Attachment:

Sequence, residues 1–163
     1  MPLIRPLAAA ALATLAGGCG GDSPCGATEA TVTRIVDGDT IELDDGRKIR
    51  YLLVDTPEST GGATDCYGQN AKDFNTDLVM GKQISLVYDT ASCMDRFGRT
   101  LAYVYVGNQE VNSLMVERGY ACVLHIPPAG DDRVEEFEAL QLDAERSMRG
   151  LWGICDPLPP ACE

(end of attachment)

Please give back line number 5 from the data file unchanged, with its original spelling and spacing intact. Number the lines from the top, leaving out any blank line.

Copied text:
   151  LWGICDPLPP ACE